I can't really compare prices with you as I give 50mg caps (102 for 56) but I would think Boots would do yours a lot cheaper. Go there and ask for their price, they will happily give you a quote. Lloyds charge more.

It takes a long time with the paperwork in Boots each time. Make sure your prescription says the word *"cascade" on it or they won't give you the drug. This may be in small print and you will save the pharmacist a lot of time if you find it for them before you get there.

Boots must stamp your prescription and unless you have repeats on it, they should make you a copy and they keep the original plus give you a normal till receipt. You will need both for your insurance. My vet kindly takes these for me and sends them off for insurance with an up to date history.

*Cascade is an act that allows human drugs to be given to dogs. Your vet will know this.

It's not as complicated as it sounds, honest. Karen (and Ruby) emailed me with instructions and I was pretty worried but it wasn't too bad.

Pregabalin is wonderful, we saw results straight away. :D

26th October 2010, 05:42 PM
Many find pregabalin more sedative than gabapentin but all dogs are different.

Hi Karlin, did you mean this the other way round? I ask because I have heard the opposite.

Jane P
27th October 2010, 07:54 AM
Boots are NOT the cheapest and are fairly difficult to deal with. I get my pregablin from vetpharmacy.co.uk and pay 126.27 for 84 x 50mg (1.50 per tablet). However, Sandra's quote from Tesco is by far the cheapest - I will try there next time. 25mg is a low dose - is that just twice a day? Dylan's on 50mg twice a day which seems to be the usual dose.

I found gabapentin had a sedative effect on Dylan to begin with but did not have any problems with the pregablin although it hasn't improved his symptoms at all.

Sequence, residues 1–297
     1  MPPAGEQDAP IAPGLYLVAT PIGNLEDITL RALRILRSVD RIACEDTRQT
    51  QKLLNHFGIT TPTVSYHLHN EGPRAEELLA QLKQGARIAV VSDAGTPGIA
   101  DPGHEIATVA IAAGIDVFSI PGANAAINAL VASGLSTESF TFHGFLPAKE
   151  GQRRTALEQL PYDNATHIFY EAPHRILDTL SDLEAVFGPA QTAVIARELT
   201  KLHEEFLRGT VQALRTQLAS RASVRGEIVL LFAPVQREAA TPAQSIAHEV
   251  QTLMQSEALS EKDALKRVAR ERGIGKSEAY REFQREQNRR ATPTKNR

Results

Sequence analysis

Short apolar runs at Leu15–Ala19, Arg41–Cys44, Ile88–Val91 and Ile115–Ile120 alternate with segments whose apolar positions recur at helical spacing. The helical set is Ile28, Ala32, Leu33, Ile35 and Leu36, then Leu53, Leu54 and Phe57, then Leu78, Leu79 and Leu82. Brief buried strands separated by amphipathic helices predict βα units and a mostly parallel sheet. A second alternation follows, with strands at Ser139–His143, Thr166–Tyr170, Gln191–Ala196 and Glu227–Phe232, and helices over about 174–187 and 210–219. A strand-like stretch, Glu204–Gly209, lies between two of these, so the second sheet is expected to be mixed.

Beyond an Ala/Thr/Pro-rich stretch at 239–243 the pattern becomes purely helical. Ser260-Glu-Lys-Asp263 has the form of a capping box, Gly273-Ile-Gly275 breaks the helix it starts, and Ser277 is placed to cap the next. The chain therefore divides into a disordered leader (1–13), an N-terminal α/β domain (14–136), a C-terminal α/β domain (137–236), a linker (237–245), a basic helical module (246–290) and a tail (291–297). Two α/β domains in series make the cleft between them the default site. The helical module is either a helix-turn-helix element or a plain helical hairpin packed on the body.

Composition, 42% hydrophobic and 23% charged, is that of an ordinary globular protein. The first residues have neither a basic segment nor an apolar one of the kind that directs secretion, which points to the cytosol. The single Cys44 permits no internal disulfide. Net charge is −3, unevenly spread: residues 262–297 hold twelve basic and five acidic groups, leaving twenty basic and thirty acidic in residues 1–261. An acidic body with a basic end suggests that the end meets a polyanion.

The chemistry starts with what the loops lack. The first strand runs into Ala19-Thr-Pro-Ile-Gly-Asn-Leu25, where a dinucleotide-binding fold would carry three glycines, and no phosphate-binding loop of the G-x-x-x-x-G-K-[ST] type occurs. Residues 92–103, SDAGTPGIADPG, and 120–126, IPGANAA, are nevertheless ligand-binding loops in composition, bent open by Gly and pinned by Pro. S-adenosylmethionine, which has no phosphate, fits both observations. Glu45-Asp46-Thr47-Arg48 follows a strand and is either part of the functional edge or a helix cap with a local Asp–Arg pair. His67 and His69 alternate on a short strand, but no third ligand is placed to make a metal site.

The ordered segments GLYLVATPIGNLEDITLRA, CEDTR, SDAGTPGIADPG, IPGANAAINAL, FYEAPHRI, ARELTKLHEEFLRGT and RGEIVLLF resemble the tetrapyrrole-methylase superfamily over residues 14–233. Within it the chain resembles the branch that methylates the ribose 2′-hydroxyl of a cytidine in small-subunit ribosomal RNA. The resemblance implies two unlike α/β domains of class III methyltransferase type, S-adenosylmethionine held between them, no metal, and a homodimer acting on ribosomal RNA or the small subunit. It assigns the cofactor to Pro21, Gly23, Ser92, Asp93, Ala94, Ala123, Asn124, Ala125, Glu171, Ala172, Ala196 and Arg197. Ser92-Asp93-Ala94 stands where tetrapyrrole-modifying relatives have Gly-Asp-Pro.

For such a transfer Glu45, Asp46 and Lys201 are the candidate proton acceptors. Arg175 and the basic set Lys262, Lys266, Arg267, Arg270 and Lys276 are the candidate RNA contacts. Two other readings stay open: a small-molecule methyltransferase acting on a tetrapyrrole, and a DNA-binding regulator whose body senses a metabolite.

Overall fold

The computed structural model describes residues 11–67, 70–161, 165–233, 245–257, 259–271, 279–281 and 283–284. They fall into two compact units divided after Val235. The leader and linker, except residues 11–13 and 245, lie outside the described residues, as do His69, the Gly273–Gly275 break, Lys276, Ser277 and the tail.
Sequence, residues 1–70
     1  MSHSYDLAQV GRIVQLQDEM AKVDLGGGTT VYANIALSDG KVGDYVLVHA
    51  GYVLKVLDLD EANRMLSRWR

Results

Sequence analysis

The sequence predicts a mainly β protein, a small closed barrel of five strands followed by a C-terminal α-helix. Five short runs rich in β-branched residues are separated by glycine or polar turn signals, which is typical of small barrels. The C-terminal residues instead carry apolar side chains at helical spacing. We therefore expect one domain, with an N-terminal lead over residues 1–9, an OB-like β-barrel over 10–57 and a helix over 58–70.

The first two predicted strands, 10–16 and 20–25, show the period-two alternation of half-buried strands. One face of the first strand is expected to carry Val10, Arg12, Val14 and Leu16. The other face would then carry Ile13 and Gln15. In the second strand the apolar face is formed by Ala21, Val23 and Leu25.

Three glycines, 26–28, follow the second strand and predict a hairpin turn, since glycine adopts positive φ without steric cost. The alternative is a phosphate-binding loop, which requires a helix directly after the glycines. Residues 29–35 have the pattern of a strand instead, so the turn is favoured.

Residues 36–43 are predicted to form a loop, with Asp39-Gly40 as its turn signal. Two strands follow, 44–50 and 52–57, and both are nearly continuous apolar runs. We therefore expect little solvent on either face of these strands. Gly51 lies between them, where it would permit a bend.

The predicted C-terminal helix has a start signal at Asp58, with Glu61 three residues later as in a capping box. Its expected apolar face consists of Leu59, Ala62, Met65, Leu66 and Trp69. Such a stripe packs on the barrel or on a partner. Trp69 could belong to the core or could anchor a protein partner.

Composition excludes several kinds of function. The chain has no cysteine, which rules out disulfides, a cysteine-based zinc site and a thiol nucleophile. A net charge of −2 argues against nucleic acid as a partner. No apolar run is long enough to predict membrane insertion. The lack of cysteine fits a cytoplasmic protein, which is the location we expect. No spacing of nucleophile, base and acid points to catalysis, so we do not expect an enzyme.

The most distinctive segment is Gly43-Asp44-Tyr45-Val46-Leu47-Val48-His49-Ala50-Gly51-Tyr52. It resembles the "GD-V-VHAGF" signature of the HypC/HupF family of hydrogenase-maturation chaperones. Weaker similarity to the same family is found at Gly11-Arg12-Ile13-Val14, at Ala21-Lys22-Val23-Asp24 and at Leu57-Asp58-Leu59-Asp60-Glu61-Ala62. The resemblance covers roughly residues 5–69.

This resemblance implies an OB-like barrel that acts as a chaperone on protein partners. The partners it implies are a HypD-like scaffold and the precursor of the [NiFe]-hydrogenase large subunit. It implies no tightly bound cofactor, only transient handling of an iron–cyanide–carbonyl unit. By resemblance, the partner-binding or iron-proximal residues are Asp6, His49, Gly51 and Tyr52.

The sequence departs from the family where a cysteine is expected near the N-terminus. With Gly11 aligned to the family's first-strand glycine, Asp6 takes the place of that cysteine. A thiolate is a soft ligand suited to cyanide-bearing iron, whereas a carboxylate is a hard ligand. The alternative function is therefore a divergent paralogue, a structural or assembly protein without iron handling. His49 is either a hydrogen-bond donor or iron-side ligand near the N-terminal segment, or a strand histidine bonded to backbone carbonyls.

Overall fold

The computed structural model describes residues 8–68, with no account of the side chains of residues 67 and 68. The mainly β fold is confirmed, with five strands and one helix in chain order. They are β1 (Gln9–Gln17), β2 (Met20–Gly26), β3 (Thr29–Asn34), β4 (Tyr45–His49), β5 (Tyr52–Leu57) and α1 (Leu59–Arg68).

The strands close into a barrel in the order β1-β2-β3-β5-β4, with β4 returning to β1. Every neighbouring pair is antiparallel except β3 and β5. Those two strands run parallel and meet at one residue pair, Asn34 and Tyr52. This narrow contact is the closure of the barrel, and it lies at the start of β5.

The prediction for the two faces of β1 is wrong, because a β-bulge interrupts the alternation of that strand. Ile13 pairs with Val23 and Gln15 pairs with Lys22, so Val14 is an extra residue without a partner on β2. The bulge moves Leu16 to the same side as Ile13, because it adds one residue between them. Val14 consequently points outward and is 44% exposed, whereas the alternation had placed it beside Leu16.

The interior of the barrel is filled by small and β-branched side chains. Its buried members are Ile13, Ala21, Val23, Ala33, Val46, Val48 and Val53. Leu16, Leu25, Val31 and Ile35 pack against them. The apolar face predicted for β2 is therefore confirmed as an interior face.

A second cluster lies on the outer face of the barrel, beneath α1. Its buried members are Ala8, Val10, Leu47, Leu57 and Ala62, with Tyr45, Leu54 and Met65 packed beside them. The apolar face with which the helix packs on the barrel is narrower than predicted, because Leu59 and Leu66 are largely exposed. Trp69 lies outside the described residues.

I hope you see some improvement in Ruby soon.

28th October 2010, 09:34 AM
My local vet is referring Ruby to Clare Rusbridge for a 2nd opinion before we progress with any invasive surgery. This is not a reflection on my opinion of Martin at Chestergates as he has been nothing but professional, informative and caring in all my dealings with him; it is more a case of making the best informed choice I can as Ruby's carer and Mummy ;)

28th October 2010, 10:30 AM
I think that is very sensible, you need to be certain you are making the correct decision and this is a huge decision to have to make...

28th October 2010, 11:59 AM
Hi Dawn, glad you are taking Ruby to see Clare :)

1st November 2010, 05:04 PM
We have our appointment with Clare Rusbridge - Tuesday 16th November :wggle:

1st November 2010, 10:43 PM
Oh brilliant, not long now. :)

Brian M
2nd November 2010, 10:41 AM
Hello dizzy

Firstly my kindest thoughts to you and Ruby at this horrible time and I hope the outcome of all this is nothing but good .
Living in Prenton in Cheshire with Chestergates about 10 minutes away and as I and my little girl Rosie have recently visited them with Rosie having a full Scan with Martin ,it is informative seeing other peoples opinions and ideas of Martin and Chestergates as a facility as really when any of our beloved Cavaliers become poorly and scans or advice for related illness's are required our choice of locations seems to be Stone Lion or Chestergates .So when either of these places or people may be required it is so important to oneself to know you have chosen correctly and wisely and that you have total confidence in that persons skills and that if things do not turn out that you have no recriminations or guilt that you may have picked the wrong practice irrespective of distance traveled and time taken .
My best wishes to you on your visit to see Clare .

2nd November 2010, 10:44 AM